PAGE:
With so many switches available and so many places to purchase them, figuring out where to buy keyboard switches can prove challenging. The retailers here should have you covered for almost anything you want, from mainstream Cherry MX switches to relatively obscure, enthusiast-grade options. Whether revamping an old board or assembling a fresh DIY build, our list should help you track down the perfect switch for you.
Where to Buy Keyboard Switches
With a name like “MechanicalKeyboards.com,” it shouldn’t surprise you that this store has a wide selection of mechanical keyboard switches. MechanicalKeyboards.com (often shortened to MK.com) carries the essential basics, such as the core Cherry MX colors and their Gateron and Kailh clones. But it doesn’t stop there.
The site also sells the “extended” range of Gateron and Kailh switches, including Gateron Inks and Kailh Box switches. The Inks are renowned as some of the smoothest factory switches, while Kailh’s Box switches are some of the best clicky MX switches available.
You can also find high-end community favorites such as ZealPC’s switches, relatively niche products from manufacturers such as Durock and TTC, and modern Alps switches. It’s an exhaustive selection, one that we think should cover most users’ needs.
MK.com offers free shipping to the Lower 48 states, so it’s a great place to buy if you’re in the US. Add to that quantity discounts on most of their stock, and you have a great source for your mechanical keyboard switch needs.
KBDfans has a similar selection as MechanicalKeyboards.com, with its range of Cherry MX, Gateron, and Kailh switch options. KBDfans sells the “core” switch colors plus most of the additional variations that make up each company’s product range.
However, the KBDfans store also carries some of the more esoteric and uncommon Kailh and Gateron switches. Examples include the Kailh Deep Sea and Gateron Box CJ linear switches, which tend to be slightly harder to get in the US.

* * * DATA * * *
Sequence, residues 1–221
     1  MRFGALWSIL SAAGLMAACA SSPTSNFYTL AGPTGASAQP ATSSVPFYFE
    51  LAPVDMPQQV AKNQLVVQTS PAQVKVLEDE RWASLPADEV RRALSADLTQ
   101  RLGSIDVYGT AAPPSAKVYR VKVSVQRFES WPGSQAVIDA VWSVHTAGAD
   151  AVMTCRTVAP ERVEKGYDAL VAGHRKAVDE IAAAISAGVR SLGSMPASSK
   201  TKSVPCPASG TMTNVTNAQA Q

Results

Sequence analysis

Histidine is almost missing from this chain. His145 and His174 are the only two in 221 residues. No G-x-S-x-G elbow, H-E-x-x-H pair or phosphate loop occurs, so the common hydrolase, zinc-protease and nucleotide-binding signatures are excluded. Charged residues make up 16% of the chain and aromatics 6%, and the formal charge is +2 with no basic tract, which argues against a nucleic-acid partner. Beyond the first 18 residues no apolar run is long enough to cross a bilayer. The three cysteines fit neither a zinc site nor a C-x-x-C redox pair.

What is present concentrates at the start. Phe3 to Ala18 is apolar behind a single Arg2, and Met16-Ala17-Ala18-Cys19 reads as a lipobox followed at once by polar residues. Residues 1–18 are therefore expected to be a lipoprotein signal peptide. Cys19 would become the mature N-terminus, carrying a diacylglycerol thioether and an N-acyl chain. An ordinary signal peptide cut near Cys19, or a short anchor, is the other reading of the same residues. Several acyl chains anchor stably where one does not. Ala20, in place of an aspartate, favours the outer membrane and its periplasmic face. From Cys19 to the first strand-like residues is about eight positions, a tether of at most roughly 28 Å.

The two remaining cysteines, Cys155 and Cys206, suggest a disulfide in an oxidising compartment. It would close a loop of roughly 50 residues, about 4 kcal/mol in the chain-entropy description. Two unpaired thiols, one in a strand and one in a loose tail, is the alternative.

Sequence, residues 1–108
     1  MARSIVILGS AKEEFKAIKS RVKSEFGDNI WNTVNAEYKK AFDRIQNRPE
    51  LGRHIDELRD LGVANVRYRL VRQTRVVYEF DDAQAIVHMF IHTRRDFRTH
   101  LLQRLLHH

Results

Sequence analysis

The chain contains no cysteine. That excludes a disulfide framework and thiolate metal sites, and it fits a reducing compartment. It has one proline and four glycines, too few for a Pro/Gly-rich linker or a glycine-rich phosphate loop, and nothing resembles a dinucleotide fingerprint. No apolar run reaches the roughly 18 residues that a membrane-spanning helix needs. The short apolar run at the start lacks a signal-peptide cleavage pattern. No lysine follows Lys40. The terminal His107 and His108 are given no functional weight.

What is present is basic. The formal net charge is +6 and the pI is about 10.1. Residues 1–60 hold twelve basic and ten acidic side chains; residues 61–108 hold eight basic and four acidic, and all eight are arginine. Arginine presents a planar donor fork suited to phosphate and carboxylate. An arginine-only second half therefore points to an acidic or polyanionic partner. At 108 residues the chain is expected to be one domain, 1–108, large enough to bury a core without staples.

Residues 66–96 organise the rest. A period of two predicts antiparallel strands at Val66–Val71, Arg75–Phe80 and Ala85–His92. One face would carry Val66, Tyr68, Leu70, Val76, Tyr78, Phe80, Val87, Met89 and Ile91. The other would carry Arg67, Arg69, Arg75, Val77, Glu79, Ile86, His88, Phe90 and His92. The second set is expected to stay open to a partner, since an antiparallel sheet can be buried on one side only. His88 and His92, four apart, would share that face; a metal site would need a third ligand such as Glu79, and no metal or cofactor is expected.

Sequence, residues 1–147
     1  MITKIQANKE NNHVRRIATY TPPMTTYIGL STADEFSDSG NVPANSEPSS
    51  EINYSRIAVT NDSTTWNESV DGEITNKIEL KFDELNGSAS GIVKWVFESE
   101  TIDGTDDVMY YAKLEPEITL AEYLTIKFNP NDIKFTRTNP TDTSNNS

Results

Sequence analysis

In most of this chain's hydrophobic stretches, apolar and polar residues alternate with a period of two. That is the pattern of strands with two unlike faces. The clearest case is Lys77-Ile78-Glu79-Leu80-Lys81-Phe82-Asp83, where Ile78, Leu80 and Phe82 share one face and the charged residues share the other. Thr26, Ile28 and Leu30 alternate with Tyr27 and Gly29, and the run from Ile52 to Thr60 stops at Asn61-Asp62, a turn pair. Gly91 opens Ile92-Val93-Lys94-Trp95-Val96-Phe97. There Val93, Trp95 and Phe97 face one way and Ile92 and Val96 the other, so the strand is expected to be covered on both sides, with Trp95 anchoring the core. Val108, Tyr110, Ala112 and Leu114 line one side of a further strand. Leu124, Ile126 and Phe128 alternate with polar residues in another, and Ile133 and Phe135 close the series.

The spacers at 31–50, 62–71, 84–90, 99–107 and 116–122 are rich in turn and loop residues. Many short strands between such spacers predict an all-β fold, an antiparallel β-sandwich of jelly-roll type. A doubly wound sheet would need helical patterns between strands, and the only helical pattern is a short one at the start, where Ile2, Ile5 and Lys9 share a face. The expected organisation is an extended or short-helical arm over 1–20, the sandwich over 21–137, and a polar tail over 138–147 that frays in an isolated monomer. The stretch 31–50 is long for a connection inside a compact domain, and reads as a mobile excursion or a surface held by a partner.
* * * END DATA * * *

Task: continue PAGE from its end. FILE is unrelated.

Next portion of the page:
KBDfans is based in China, as are most MX-style switch manufacturers such as Gateron, Kailh, and Durock. This means that prices are often lower than US retailers, sometimes by 50%. In addition, KBDfans often get access to switches before US-based retailers. An example would be Gateron’s new Oil King switches, which are available for preorder on KBDfans but aren’t available from US retailers at the time of writing.
The downside, of course, is higher shipping costs for customers based in the Americas or Europe. KBDfans ships via DHL or FedEx, so transit times shouldn’t be an issue, but $20 (or more) to ship a set of switches does sting slightly compared to MK.com’s free US shipping. But more choice is always a good thing, and KBDfans should fill in any gaps in MK.com’s switch selection.
Drop (formerly known as Massdrop) has been a fixture of the mechanical keyboard enthusiast scene for a good while now, primarily through its series of high-end DIY keyboard kits. But Drop’s original business model was group buys, and it still does this for niche mechanical keyboard switches.
To be clear, you’re not going to find your bog-standard Cherry MX or Gateron switches here. Instead, Drop focuses on selling its line of switches and running group buys for enthusiast products such as the Domikey Cyberpunk or Keyfirst Cream Linear switches.
For the unfamiliar, these enthusiast- and community-designed switches try to offer unique typing experiences that you can’t get from manufacturers’ normal product range. These switches range from attempts to recreate the feel of Topre (Boba U4T) to long-travel, ultra-linear switches with attractive transparent housings (Everglide Aqua King).
Drop’s business model means that its stock changes regularly. A switch that’s available one month might no longer be in stock the next if it “sells through” quickly. So it’s a great place to get high-end switches, but you’ll need to be alert and grab the ones you’re interested in while they’re in stock.